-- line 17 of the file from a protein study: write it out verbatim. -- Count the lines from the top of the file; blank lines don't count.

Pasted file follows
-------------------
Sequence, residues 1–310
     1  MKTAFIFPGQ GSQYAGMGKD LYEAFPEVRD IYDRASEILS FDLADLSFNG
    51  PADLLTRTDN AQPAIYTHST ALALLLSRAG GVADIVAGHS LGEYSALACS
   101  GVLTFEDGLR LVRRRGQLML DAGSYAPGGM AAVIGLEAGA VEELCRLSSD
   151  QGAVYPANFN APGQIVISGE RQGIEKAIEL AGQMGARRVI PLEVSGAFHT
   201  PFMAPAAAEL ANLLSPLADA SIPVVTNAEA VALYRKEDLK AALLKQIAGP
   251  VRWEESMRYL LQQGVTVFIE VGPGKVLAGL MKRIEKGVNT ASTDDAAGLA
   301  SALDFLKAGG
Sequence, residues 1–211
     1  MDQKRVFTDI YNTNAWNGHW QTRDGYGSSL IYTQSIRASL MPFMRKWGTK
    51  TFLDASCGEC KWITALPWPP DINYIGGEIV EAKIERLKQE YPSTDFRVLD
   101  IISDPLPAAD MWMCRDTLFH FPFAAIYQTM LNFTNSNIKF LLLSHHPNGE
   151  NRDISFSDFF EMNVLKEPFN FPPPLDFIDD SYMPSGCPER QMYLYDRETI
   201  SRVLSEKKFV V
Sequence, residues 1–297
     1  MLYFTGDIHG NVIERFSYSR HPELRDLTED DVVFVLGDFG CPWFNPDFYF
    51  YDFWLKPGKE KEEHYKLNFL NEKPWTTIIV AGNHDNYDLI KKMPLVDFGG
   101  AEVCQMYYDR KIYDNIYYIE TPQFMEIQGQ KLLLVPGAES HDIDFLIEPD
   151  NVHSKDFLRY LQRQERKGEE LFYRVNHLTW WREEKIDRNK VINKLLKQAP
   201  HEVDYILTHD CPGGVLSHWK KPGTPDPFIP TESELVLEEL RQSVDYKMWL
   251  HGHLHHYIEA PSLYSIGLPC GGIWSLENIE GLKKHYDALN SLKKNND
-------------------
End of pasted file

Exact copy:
    51  YDFWLKPGKE KEEHYKLNFL NEKPWTTIIV AGNHDNYDLI KKMPLVDFGG